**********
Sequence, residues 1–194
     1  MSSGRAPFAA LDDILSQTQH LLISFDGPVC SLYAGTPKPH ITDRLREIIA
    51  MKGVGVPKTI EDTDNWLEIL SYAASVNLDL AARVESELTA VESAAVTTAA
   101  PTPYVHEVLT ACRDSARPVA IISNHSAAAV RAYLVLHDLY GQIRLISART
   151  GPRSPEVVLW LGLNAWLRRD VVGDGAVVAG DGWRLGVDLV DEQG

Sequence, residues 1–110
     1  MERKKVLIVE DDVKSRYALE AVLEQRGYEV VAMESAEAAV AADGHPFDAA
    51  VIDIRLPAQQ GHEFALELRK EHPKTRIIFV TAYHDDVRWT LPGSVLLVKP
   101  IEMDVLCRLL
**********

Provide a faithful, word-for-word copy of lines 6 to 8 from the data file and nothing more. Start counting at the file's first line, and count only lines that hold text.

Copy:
Sequence, residues 1–110
     1  MERKKVLIVE DDVKSRYALE AVLEQRGYEV VAMESAEAAV AADGHPFDAA
    51  VIDIRLPAQQ GHEFALELRK EHPKTRIIFV TAYHDDVRWT LPGSVLLVKP